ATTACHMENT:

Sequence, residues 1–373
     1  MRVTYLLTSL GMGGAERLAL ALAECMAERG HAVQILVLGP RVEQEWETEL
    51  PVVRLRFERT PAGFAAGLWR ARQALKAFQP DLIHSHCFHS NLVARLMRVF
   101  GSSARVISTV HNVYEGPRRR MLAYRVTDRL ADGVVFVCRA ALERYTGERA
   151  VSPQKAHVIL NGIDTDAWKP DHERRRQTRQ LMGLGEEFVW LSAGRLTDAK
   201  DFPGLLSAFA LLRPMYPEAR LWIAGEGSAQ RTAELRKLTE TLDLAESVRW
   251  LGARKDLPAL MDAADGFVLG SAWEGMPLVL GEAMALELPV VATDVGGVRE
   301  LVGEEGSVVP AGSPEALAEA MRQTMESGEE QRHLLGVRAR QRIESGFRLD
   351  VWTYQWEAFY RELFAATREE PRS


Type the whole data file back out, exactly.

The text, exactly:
Sequence, residues 1–373
     1  MRVTYLLTSL GMGGAERLAL ALAECMAERG HAVQILVLGP RVEQEWETEL
    51  PVVRLRFERT PAGFAAGLWR ARQALKAFQP DLIHSHCFHS NLVARLMRVF
   101  GSSARVISTV HNVYEGPRRR MLAYRVTDRL ADGVVFVCRA ALERYTGERA
   151  VSPQKAHVIL NGIDTDAWKP DHERRRQTRQ LMGLGEEFVW LSAGRLTDAK
   201  DFPGLLSAFA LLRPMYPEAR LWIAGEGSAQ RTAELRKLTE TLDLAESVRW
   251  LGARKDLPAL MDAADGFVLG SAWEGMPLVL GEAMALELPV VATDVGGVRE
   301  LVGEEGSVVP AGSPEALAEA MRQTMESGEE QRHLLGVRAR QRIESGFRLD
   351  VWTYQWEAFY RELFAATREE PRS